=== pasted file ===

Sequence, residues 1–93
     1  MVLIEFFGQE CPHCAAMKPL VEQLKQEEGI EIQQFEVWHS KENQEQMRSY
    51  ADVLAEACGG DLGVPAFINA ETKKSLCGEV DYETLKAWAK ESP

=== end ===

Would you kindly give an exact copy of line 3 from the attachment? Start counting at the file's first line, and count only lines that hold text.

    51  ADVLAEACGG DLGVPAFINA ETKKSLCGEV DYETLKAWAK ESP